The US and China put out a joint statement on Saturday after their second round of trade talks. The talks were intended to get China to cease unfair trade practices it uses against the US and to reduce the US-Chinese trade deficit — and to sort out those differences without sliding into a trade war.
The joint statement said, among other things, that China would increase its purchase of US energy and agricultural goods and that China would change its intellectual property practices.
Zeeshan Aleem, Vox
Wednesday: Korean Thaw Freezes with Xi Meeting
President Donald Trump said Tuesday that there's a "substantial" chance that his summit with North Korean leader Kim Jong Un "may not work out" for June.
Last week, North Korea said it would reconsider whether to hold the meeting after abruptly canceling talks with South Korea amid joint military drills with the U.S. on the Korean Peninsula.
Trump also suggested that Kim soured on the idea of a potential summit after the North Korean leader had a second secret meeting with Chinese President Xi Jinping.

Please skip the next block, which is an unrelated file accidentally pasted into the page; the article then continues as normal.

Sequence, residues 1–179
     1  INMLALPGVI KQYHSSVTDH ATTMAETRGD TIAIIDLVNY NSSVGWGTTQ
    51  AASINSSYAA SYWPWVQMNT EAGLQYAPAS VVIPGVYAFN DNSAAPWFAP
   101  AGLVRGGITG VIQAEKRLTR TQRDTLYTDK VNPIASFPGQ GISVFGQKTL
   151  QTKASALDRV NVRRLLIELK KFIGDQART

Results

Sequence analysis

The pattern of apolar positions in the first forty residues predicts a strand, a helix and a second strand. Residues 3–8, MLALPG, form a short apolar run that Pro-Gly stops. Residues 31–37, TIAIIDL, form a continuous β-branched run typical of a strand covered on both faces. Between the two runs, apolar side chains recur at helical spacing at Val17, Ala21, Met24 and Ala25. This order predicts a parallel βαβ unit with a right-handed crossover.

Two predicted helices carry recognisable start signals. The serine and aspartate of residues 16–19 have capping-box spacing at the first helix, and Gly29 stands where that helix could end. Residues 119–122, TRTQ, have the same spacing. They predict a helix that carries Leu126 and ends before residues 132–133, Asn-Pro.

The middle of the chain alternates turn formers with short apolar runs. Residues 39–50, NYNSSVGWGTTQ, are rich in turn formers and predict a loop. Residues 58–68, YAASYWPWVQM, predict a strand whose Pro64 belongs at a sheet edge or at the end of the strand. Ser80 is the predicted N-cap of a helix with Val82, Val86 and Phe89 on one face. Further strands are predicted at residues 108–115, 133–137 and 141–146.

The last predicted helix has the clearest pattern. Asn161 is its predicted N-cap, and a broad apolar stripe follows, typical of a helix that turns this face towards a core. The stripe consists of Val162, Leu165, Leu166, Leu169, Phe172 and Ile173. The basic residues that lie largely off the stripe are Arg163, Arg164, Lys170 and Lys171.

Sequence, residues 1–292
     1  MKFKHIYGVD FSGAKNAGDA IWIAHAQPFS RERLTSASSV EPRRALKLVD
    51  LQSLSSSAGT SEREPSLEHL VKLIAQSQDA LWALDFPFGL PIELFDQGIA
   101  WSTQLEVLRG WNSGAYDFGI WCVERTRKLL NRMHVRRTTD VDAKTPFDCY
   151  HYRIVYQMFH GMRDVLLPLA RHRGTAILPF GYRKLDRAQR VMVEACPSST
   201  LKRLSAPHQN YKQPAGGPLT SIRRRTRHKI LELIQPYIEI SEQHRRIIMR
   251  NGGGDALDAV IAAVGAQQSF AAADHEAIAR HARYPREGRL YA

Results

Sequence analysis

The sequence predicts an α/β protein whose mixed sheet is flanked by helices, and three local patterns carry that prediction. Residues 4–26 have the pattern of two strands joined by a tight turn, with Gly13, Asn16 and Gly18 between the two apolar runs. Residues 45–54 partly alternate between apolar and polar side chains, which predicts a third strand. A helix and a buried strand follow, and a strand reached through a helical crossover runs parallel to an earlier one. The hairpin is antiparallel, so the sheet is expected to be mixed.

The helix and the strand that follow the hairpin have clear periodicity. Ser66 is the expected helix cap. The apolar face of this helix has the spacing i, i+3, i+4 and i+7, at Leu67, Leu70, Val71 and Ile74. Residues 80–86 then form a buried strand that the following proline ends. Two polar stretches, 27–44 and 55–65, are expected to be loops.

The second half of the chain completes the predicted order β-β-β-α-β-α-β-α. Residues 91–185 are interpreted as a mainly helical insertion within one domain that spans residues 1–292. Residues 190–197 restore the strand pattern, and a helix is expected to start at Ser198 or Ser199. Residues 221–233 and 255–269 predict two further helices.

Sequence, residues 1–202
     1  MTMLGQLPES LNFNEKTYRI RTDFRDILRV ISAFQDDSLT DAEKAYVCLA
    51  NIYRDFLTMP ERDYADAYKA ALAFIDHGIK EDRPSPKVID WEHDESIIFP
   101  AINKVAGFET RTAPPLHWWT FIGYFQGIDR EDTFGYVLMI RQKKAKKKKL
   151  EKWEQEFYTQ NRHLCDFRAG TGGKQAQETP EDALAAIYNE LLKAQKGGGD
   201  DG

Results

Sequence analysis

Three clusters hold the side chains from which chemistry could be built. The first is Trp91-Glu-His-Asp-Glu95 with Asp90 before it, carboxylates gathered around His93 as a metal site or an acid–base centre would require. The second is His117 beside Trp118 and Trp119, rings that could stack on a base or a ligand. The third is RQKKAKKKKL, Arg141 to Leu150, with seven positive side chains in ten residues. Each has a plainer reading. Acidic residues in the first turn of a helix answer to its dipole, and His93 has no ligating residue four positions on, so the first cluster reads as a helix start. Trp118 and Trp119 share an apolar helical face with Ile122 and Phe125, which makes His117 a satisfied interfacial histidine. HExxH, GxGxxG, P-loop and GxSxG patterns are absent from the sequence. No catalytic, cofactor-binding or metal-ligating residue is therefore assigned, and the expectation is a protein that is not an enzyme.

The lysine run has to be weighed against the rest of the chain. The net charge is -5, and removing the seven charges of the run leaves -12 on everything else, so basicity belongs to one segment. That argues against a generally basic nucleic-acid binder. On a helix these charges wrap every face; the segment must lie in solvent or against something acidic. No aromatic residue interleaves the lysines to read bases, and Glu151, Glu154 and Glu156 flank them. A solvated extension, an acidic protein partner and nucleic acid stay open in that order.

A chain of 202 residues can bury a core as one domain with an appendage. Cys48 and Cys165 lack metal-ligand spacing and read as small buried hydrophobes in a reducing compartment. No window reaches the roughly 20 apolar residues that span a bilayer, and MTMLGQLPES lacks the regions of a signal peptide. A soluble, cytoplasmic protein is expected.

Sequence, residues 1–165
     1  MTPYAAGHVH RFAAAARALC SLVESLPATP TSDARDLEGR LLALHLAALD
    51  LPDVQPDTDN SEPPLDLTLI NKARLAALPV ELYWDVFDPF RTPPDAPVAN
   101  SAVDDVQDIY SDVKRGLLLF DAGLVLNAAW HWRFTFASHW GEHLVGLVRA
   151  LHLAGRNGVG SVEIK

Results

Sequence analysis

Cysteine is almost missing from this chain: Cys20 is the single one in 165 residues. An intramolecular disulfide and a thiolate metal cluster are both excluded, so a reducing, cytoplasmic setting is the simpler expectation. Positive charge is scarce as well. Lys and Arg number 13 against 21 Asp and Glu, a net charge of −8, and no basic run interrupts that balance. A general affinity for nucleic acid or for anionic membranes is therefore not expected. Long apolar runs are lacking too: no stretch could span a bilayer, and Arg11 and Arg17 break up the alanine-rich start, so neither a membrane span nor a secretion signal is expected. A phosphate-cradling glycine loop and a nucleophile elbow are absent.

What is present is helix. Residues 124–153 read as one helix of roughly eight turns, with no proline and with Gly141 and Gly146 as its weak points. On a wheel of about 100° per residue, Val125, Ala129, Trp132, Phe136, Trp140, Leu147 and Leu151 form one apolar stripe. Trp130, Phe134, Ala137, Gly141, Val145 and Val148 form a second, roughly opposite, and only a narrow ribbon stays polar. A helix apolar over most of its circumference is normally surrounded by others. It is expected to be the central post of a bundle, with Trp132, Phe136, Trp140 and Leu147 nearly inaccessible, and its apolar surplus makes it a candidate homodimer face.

"There was a somewhat different attitude after that meeting," the U.S. president said of Kim. "I can't say that I'm happy about it."
In his remarks Tuesday, Trump did say that he believes Kim is "absolutely very serious" about denuclearization. The Trump administration has made it clear that it wants North Korea to give up its nuclear weapons program.
Mike Calia, CNBC
Thursday: Applause for “Animals” Rhetoric
President Trump said Wednesday his administration is considering a plan to cut foreign aid to countries that do not help stem the flow of immigrants entering the United States illegally.
"Many of these countries we give tremendous amounts of aid to — tens of millions of dollars,” Trump said during a discussion on Long Island, N.Y., focused on the MS-13 gang.